This sequel fully revives the well-known superhero franchise through a whirlwind of action and emotion.
Warning: Some spoilers are ahead.
One would be hard-pressed to deny that 2006's X-Men: Last Stand was quite the unsatisfactory exit for Marvel's popular franchise. The 2011 prequel, X-Men: First Class, revived the franchise with a fresh, fierce experience for comic book and casual fans alike and also provided the perfect opportunity to make up for the trilogy's end. Its follow-up, the studio bigwigs decided, would merge timelines with the ended trilogy. With Bryan Singer back at the helm, who directed the first two X-Men films and produced the prequel, it's no surprise that X-Men: Days of Future Past does the impossible and brings back the X-Men series for a second, undoubtedly more than adequate go-round.
The film opens at an undetermined time after the events of X-Men: Last Stand in a dystopian future. Mutant-hunting robots known as Sentinels oppress both humans and mutants, not only exterminating those with mutated genes but also humans whose offspring may inherit them. A small group of mutants manages to survive, thanks to Kitty (Ellen Page) and her ability to send a person's consciousness to the past with a warning. Upon meeting with another group of mutants that includes Professor X/Charles Xavier (Patrick Stewart) and Magneto/Erik Lehnsherr (Sir Ian McKellen), they create a plan to use Kitty's power to change the course of events.
In 1973, Mystique (Jennifer Lawrence) killed Bolivar Trask (Peter Dinklage) but was then captured whereupon her DNA was used to create the Sentinels. Professor X and Magneto believe that if they can stop Mystique, they can change the future. They choose to send Logan/Wolverine (Hugh Jackman) as he is the only one who can survive the danger of the trip.
Logan wakes up in 1973 and seeks out the young Charles Xavier (James McAvoy). Upon arriving at the school, he finds it empty, since most of the students have been drafted to go to Vietnam. Its only occupants are Hank McCoy (Nicholas Hoult) and a distraught and disheveled Charles, who has lost his powers thanks to a serum that affects his nervous system to allow him to walk. Despite his initial refusal, Charles eventually agrees to help Logan find and stop Mystique, though he is miffed to find out that they need to get Erik (Michael Fassbender) for their plan to work. The problem is that Erik is currently locked up in an underground prison cell beneath the Pentagon because he assassinated President JFK.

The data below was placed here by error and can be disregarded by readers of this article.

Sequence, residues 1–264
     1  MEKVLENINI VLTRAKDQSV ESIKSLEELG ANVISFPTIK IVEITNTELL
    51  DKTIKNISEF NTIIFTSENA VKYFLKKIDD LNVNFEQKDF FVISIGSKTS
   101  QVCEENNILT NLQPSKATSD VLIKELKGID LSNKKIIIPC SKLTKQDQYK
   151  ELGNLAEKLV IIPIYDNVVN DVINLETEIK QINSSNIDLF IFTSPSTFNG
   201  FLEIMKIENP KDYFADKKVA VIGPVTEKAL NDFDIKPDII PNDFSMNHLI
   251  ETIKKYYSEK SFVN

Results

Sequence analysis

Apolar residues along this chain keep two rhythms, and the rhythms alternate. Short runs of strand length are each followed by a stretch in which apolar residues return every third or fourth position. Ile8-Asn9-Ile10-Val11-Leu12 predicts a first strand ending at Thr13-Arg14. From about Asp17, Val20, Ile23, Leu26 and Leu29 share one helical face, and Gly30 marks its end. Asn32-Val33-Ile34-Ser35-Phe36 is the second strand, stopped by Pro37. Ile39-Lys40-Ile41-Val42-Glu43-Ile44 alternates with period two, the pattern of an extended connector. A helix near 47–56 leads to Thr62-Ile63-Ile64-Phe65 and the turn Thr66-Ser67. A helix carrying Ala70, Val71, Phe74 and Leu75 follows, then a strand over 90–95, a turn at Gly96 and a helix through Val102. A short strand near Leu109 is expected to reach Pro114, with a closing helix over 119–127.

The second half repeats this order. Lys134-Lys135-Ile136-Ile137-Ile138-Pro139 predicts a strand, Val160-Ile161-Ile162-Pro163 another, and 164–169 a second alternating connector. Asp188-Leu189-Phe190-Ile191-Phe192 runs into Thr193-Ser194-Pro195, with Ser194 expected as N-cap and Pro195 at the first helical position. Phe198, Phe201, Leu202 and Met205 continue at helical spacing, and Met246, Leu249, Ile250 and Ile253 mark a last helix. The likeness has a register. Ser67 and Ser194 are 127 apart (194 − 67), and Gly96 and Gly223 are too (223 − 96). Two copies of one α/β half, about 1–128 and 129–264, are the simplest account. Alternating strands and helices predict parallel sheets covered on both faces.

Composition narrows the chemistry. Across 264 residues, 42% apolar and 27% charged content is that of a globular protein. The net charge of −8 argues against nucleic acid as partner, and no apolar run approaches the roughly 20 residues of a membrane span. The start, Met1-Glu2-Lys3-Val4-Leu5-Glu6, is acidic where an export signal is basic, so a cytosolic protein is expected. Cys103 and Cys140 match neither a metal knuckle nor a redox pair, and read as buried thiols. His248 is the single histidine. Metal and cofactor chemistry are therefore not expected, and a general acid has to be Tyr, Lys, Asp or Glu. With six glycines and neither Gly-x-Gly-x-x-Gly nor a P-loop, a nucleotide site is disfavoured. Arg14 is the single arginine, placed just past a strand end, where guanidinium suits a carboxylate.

Meanwhile, on the other side of the world, in Saigon, Mystique is busy at work, helping to protect her fellow mutants. She disguises herself as usual and manages to help a group of mutant American soldiers escape from William Stryker (Josh Helman). Working with Trask, Stryker planned to hand them over for research. Skeptical of Trask, Mystique investigates him and discovers that he has captured and tortured mutants for experiments. Full of anger and pain, she resolves to kill him and end his work, not even realizing what the consequences of her actions may be for everyone.
The power of X-Men: Days of Future Past is the dramatic irony. With the nonlinear nature of the film's narrative, it is unsurprisingly suspenseful. Director Bryan Singer's brief jumps to the future remind us just how important every action and its impact are while heightening the tension further. The time shifts gradually increase in frequency closer and closer to the end, leading to an emotionally taut nail-biter of a climax and satisfying payout.
Despite its lack of an actual villain, the movie is still powerful as its focus is on the core characters and their development. With Wolverine as the anchor, it feeds on the strong, emotional performances from the actors, especially James McAvoy. X-Men: Days of Future Past shows the tremendous changes these characters have gone through to become their future selves but also doesn't forget to knock the breath out of viewers with plenty of fast-paced action.
Images courtesy of 20th Century Fox and Marvel.